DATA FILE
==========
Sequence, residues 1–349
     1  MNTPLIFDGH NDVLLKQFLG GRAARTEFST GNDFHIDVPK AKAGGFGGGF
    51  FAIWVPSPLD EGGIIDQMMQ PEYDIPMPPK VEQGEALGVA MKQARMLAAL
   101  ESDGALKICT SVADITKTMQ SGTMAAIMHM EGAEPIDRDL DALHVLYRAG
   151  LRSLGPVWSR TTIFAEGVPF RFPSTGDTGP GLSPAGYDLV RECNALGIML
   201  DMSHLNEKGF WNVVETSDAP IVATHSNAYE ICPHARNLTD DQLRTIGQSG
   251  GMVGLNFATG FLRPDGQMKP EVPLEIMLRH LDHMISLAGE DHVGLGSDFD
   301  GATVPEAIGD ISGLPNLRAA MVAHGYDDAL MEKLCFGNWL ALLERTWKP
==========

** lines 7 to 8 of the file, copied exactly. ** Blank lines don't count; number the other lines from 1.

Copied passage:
   251  GMVGLNFATG FLRPDGQMKP EVPLEIMLRH LDHMISLAGE DHVGLGSDFD
   301  GATVPEAIGD ISGLPNLRAA MVAHGYDDAL MEKLCFGNWL ALLERTWKP